On Writing Advice

Here are two things you'll never hear me say:

1. There's only one way to write.

2. You're doing it wrong.

Know why?


Sure, you can do it clumsily or inelegantly or, well, poorly. You might be at the beginning of your writing journey, or you might be in that troublesome and saggy middle, or you might be surfing a wave of kickassery. Point is, there is no wrong way, and anyone who tells you different doesn't know what they're talking about.

In my opinion. 

I mean, I could be wrong.

But I'd just like to encourage you to look at any writing advice you see, whether it's in a blog post, a tumblr post, a book, or a lovely graphic on Pinterest with a sunset behind it and a sassy drawing of an anchor. And before you take that writing advice, consider the source. Is it someone who is at or above the level you want to reach? Is it someone you admire? Are they a gatekeeper or a known quantity? Do they have quantifiable experience? In short, do they have any evidence whatsoever to support what they're saying?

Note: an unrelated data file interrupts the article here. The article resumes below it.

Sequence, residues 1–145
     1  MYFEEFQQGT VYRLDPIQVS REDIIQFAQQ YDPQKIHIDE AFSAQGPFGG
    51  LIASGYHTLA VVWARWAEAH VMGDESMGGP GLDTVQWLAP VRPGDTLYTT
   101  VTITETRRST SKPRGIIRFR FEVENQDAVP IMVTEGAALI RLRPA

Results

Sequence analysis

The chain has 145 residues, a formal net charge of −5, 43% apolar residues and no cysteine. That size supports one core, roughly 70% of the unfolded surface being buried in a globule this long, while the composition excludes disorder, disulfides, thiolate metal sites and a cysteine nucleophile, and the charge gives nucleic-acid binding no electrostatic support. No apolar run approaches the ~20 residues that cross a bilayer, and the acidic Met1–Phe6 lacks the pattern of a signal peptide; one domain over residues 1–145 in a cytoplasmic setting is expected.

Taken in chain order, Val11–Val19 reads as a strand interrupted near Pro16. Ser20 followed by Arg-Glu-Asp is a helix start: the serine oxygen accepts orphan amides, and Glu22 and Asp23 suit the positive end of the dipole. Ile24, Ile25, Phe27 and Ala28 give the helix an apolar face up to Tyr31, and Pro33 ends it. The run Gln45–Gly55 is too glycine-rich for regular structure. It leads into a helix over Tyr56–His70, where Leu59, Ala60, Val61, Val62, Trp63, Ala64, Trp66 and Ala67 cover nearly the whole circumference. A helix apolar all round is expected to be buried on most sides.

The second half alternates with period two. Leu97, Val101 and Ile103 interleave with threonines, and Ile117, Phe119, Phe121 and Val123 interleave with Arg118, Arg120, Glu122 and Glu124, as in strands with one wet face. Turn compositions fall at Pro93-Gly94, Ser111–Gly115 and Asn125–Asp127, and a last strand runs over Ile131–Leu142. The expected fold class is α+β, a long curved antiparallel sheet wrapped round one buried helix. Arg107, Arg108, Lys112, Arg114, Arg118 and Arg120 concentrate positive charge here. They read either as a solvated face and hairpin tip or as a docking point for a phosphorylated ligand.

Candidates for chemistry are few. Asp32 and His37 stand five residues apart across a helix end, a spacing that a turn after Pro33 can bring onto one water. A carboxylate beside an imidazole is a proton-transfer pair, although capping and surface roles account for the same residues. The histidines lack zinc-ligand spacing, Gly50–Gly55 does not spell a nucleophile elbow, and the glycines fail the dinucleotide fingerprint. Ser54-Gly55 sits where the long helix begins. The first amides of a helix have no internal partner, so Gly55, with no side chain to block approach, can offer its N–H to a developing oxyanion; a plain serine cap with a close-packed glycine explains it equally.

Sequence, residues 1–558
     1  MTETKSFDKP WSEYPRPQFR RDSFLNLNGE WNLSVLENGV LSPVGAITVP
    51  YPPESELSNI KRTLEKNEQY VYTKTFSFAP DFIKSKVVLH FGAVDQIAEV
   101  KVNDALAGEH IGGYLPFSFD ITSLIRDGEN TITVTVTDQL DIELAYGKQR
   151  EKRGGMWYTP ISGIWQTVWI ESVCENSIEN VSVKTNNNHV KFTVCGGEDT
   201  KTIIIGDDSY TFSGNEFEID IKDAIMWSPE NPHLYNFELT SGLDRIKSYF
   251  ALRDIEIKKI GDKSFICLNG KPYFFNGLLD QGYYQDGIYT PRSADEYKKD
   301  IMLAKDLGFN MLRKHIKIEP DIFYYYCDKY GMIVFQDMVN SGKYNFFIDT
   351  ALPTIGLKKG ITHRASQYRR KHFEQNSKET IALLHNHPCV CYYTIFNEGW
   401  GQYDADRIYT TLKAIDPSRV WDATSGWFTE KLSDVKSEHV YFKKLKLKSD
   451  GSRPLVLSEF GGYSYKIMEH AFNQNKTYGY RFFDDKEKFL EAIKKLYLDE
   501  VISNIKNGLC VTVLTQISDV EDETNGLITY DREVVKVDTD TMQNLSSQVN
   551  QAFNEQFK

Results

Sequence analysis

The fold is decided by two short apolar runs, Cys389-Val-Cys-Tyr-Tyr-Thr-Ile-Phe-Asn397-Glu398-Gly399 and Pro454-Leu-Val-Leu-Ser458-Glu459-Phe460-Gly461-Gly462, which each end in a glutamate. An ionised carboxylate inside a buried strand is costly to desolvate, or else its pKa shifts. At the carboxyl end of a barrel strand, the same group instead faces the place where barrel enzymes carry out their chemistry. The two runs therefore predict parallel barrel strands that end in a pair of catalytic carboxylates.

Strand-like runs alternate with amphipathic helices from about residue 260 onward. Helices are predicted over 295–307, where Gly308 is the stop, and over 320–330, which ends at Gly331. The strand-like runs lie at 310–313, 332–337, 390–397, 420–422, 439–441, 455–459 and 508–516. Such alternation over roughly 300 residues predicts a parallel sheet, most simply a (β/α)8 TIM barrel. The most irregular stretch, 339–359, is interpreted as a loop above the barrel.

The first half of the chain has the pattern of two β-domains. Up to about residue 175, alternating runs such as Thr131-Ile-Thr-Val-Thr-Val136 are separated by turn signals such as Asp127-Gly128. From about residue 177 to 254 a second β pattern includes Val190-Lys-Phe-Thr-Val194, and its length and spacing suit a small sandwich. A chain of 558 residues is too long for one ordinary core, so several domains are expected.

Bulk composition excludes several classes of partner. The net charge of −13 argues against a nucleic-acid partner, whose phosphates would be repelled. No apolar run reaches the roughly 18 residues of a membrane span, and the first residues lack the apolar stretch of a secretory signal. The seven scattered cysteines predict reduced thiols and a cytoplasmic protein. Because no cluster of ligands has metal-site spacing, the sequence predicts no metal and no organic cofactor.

Because here's the thing: giving advice feels good. It makes you feel important.

And publishing is an industry that often makes you feel inconsequential and small.

And the worst writing advice I see on the web comes from people with no credentials.

So I'm not saying that people or bad or that giving advice is bad; I'm just saying that no one person has all the answers. Great authors might offer advice that isn't right for you and your own stories, or they might be set in their ways and very adamant about the process that's brought them success. That doesn't mean it will bring *you* success. Take writing advice with a grain of salt, and do what works for you.

There is no one way. There is no one guru. There is no prophet who will make your writing perfect. There is no secret, other than hard work and the ability to constantly grow and challenge yourself.

Writing is pain, Princess. Anyone who says otherwise is selling you something.